Netflix – With the help of Kotlin Multiplatform, Netflix optimizes product reliability and delivery speed, which is crucial for serving their customers' needs.
Forbes – By sharing over 80% of logic across iOS and Android, Forbes now rolls out new features simultaneously on both platforms while retaining flexibility for platform-specific customization.
9GAG – After trying both Flutter and React Native, 9GAG gradually adopted the Kotlin Multiplatform, which now helps them ship features faster while providing a consistent experience to their users.
Offer proof by creating a sample project
The theory is good, but putting it into practice is ultimately most important. As one option to make your case more convincing and show the potential of multiplatform mobile app development, you can devote some of your time to creating something with Kotlin Multiplatform and then bringing in the results for your team to discuss. Your prototype could be some sort of test project, which you would write from scratch and which would demonstrate features that are needed in your application. The Create a multiplatform app using Ktor and SQLDelight – tutorial guides you well on this process.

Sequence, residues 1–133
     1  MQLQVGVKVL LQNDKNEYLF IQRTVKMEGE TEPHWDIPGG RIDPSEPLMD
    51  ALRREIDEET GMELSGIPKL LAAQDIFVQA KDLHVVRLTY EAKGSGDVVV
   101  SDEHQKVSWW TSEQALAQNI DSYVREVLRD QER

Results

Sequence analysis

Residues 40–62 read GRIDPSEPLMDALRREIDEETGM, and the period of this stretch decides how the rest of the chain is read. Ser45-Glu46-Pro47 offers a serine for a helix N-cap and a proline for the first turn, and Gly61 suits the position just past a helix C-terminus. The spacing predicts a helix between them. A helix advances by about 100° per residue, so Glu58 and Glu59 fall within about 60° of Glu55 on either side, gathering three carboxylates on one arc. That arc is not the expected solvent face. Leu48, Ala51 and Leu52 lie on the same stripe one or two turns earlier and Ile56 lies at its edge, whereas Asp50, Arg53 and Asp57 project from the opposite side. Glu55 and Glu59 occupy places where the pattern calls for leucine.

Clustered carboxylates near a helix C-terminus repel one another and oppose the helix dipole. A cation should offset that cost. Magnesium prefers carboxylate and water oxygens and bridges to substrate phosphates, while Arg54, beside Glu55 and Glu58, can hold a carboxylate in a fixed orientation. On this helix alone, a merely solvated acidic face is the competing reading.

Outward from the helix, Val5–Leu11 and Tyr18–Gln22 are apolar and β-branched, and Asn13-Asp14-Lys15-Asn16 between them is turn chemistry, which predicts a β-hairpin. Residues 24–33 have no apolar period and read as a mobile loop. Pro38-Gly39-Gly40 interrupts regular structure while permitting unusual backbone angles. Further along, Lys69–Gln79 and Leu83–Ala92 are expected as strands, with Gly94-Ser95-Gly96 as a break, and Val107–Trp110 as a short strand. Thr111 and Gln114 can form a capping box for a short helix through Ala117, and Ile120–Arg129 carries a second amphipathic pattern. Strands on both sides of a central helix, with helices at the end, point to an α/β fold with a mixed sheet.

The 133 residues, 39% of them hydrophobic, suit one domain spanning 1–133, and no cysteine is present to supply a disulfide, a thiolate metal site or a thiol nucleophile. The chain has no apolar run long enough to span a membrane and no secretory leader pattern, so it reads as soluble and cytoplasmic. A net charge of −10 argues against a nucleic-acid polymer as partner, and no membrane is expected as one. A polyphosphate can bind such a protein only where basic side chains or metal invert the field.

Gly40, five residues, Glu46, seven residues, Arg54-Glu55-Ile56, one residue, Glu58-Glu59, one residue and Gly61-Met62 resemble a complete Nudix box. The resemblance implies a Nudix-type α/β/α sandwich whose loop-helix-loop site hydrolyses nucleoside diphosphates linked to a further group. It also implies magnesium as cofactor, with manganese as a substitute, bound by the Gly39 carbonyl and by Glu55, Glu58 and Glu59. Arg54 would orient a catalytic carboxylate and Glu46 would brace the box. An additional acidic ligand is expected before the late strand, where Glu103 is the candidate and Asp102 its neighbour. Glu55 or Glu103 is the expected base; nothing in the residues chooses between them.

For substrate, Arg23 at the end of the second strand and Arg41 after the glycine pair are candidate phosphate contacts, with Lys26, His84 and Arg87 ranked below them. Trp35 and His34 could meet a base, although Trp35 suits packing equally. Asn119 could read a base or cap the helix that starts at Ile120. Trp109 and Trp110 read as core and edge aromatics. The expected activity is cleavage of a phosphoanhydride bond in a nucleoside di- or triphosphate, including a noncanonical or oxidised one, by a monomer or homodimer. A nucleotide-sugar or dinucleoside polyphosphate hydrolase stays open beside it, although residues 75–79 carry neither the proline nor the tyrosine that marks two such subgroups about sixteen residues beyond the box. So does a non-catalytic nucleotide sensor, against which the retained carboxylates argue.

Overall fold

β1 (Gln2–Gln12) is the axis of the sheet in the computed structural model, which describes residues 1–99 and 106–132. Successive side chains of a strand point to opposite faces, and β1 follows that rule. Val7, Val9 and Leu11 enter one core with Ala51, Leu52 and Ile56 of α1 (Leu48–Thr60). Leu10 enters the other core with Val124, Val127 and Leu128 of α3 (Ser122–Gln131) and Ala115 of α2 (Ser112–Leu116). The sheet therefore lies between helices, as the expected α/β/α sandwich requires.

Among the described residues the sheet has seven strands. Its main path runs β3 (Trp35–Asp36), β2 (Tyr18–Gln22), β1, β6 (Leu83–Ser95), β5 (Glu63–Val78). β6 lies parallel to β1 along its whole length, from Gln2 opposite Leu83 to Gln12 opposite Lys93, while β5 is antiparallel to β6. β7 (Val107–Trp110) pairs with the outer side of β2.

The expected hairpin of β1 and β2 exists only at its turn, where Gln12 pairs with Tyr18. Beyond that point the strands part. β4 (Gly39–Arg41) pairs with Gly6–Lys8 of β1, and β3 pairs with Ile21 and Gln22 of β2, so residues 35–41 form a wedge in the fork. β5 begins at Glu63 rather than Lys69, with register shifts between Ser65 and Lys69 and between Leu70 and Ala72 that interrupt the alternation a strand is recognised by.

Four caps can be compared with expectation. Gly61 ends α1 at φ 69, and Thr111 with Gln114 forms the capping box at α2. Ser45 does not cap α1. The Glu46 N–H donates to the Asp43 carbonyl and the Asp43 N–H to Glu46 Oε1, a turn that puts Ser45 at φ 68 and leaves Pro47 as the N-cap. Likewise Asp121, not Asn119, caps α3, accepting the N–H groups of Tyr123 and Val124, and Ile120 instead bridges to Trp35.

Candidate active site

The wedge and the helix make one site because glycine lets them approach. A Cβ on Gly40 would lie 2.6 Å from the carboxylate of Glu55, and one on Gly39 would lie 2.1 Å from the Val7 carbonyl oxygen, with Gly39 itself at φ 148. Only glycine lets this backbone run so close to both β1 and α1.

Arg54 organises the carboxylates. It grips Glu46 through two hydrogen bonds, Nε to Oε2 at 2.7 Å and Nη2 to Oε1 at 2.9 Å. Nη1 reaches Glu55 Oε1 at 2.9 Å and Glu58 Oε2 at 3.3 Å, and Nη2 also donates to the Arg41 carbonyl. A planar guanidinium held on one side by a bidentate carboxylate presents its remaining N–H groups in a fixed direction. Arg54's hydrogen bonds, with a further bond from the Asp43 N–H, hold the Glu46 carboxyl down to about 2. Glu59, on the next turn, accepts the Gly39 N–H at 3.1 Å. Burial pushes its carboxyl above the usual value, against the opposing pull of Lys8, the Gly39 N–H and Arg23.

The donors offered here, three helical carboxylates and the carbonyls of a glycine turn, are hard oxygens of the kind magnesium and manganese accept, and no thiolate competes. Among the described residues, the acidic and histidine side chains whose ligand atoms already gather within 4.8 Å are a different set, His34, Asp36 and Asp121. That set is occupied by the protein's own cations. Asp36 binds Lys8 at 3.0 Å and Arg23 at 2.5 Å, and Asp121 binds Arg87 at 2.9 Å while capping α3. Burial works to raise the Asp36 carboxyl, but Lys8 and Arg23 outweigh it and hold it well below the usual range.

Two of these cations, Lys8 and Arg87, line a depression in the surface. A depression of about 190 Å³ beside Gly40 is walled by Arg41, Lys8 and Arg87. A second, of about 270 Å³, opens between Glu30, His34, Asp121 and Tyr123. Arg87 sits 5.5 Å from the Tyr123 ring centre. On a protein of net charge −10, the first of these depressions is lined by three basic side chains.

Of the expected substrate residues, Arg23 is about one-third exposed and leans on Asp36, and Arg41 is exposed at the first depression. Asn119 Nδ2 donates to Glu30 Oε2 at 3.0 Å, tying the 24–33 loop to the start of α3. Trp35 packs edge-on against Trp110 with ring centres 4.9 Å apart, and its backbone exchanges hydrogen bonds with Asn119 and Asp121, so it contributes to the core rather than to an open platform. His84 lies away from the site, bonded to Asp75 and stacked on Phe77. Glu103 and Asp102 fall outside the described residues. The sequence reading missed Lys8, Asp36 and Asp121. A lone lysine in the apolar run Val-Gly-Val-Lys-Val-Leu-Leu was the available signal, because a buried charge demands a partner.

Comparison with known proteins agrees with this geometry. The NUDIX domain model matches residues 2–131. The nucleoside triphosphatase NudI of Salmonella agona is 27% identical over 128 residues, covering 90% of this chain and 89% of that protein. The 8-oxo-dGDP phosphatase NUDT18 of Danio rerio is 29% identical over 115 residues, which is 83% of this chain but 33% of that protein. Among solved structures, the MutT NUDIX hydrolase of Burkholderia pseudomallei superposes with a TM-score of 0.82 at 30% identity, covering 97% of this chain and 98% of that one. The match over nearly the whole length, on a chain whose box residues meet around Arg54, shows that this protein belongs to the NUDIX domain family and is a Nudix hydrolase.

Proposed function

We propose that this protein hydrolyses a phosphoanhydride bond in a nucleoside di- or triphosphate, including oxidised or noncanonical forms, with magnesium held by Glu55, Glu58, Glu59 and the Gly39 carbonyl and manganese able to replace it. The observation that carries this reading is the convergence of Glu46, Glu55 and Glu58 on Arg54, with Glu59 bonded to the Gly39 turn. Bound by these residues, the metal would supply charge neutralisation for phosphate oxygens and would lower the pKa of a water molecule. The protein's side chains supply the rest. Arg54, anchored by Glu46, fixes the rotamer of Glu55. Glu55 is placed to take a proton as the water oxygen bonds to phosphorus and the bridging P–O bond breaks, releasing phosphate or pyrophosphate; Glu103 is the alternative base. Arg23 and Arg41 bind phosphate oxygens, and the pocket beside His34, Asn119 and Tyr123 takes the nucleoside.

You may be able to produce more relevant examples by experimenting with your current project. You could take one existing feature implemented in Kotlin and make it cross-platform, or you could even create a new Multiplatform Module in your existing project, take a non-priority feature from the bottom of the backlog, and implement it in the shared module. The Make your Android application work on iOS – tutorial provides a step-by-step guide based on a sample project.
Prepare for questions about multiplatform development from your team
No matter how detailed your pitch is, your team will have a lot of questions. Listen carefully, and try to answer them all patiently. You might expect the majority of the questions to come from the iOS part of the team, as they are the developers who aren't used to seeing Kotlin in their everyday developer routine. This list of some of the most common questions could help you here:
Q: I heard applications based on cross-platform technologies can be rejected from the App Store. Is taking this risk worth it?